The event has been made possible with funding from the Rural Alliances project which is 50% funded by the ERDF Interreg IVB North West Europe Programme and the Welsh Government’s Targeted Match Fund. The project contributes to a more cohesive EU society as it derives from a co-operation of people from different countries working on common issues that touch the lives of EU citizens. The transnational project involves twelve different partners from Wales, Ireland, France, Germany, Netherlands and Belgium.
At our Dark Skies event on 24th April 2015, you can also hear Andy Burns, expert on the Herschel Family, talk about their massive contribution to astronomy. William Frederick Herschel (1738–1822) must be placed in the top ten of anyone’s list of the world’s great astronomers, for two main reasons.
First, about 200 years ago, he almost single-handedly transformed astronomy from the restricted study of our near neighbourhood—the Sun and its attendant family of planets—into a consideration of the much more distant stellar and nebular universe and essentially the cosmos as a whole. Second, he did this by building and using his own telescopes. Needless to say, these were not just any old telescopes. They were a succession of the most optically precise telescopes of the day. These instruments were
much better than the prized instruments of the national observatories such as those at Greenwich and Paris. Herschel thus revealed that some stars that were seen as confused blobs in other instruments were actually double stars, many of which were orbiting their common centre of mass. He also transformed the contemporary view of the sky’s nebulous objects. At the time, many perceived them as mere hindrances to the more important task of discovering new comets. Herschel made them bodies worthy of a lifetime of study—places of possible star formation and even remote galaxies just like ours.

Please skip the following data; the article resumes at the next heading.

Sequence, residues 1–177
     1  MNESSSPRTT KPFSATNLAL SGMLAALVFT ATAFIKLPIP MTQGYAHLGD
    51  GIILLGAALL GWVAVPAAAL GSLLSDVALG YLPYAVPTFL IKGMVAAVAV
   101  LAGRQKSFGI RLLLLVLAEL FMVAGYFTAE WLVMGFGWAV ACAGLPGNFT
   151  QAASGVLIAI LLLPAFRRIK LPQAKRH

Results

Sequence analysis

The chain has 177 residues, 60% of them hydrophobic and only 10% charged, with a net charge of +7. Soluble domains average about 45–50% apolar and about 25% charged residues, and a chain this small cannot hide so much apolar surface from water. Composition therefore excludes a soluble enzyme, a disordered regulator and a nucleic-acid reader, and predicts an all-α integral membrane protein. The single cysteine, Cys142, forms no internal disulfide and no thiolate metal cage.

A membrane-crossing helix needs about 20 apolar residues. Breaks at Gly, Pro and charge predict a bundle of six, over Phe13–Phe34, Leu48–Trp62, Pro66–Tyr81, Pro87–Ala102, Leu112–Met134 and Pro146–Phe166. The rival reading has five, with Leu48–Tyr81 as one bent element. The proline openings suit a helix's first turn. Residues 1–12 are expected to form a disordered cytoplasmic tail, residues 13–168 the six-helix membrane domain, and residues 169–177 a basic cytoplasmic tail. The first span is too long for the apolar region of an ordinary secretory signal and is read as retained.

And Herschel (because shop-bought telescopes were ‘beyond his purse’), cast the telescope mirrors, ground them and mounted the instruments, all in his kitchen workshop in Bath.
se’), cast the telescope mirrors,
ground them and mounted the instruments, all in his kitchen workshop in Bath.
The Upper Usk Valley group were in attendance at the 2014 Sennybridge Show with a well dressed stand which won 2nd place and a smart blue rosette – well done team! The newly reprinted leaflets were available in Welsh and English and attracted a lot of interest. Interesting displays on the Defynnog Yew Tree and local Dark Sky Discovery Sites and a map showing the UUV area all helped to show what a vibrant community we live in.
They say a picture is worth a thousand words so the following images can speak for themselves about what a fabulous day it was yesterday at the Sennybridge Show.
Upper Usk Valley Community Walks
Our next walk takes place on Sunday 27th April from Trecastle Community Hall.
Please meet at 2.00pm, parking in the layby opposite the Hall, near the red phone box, or slightly further down the road beyond the Antiques Centre
The route takes in some of the ancient track ways around Trecastle, taking in the old roman road, bridleways around the village, crossing the River Usk and heading through old woodlands.
Spring is here, so there are plenty of opportunities to see the bird life and wild flowers en route.
The route is suitable for all ages, dogs on a short lead are welcome, though please ensure they are kept on a lead as there are young lambs in the fields on the route.
Some areas may be wet and muddy and the weather forecast suggests a possibility of heavy showers, so please arrive prepared for these.